artifacts of the no-audience underground: recent jazzfinger

August 7, 2012 at 7:57 am | Posted in new music, no audience underground | Leave a comment
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Jazzfinger – Poem of Stones (Bells Hill, BH010, CD-r, edition of 50)

Jazzfinger – Night Fall At Borrowed World (Sonic Oyster Cassettes 009, edition of 50)

OK, what we have here is a nicely presented CD-r on Scott McKeating’s ever reliable label Bells Hill.  It contains one track which documents about 45 minutes of a Jazzfinger rehearsal from 2004.  The recording is inexpensive, unedited – rumble at the bottom, harsh at the top, meandering throughout – however as it progresses it becomes clear that this is no mere ephemera of interest only to Jazzfinger obsessives.  I can’t get enough of it.  The liner notes provide some context:

Recorded at Morden Tower, this was a rehearsal for a gig we were going to play at a Weekender at the abandoned Aldwych Tube station back in November 2004. As it turns out the event was cancelled at the last minute and coincided with John Peel’s funeral on the Friday, and Jhonn Balance‘s death that Sunday. What a shit weekend.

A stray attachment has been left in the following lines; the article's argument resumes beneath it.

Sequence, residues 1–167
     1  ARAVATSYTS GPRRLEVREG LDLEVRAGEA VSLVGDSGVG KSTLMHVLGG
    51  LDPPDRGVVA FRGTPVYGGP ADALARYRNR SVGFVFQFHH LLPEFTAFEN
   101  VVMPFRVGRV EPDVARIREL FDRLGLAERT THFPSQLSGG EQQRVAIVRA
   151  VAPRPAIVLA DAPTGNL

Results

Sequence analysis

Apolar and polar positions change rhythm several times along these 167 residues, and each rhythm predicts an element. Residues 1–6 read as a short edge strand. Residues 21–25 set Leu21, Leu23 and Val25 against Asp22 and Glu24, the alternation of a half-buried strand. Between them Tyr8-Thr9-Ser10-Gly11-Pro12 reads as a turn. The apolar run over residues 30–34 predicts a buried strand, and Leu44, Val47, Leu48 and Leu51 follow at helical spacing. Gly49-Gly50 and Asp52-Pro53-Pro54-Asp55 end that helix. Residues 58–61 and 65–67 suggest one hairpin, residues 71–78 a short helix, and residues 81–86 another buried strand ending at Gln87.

Presumably the band did not foresee this shitness but the melancholy air to much of the piece suggests a hint of what was to come may have been in the room.

There are changes of direction, as you would expect from a rehearsal tape, but these are far from aimless.  As with all good improv, the transitions are as interesting as the periods of ‘steady state’ noise.  It shifts with the unknowable purpose of a nocturnal marine predator swimming over what in the daytime is a multi-coloured reef rinsed to grey-scale by the moonlight.  Is it looking for food, a mate, shelter?  Or is it a Lovecraftian ‘Deep One’/human hybrid, fully adapted to the life aquatic and shaking off the last vestiges of its humanity?  Irresistible.

The tape is a more manageable, relatively slick affair with properly edited and titled tracks released in the generic neon packaging of the collectable Sonic Oyster cassette series.  Would it be perverse of me to describe this as ‘urban pastoral’?  What I mean is that Jazzfinger’s psychedelic noise is no hippy delirium, no prelapsarian bliss.  Instead it seems pulled up from the streets of the city, like strange flowers growing through cracks in the pavement, in a place where urban foxes knocking over bins have the same totemic power as the coyotes of the Mexican desert.

For more on Bells Hill see their discogs page or email Scott via  Details of how to get hold of the the Sonic Oyster tape can be seen here.

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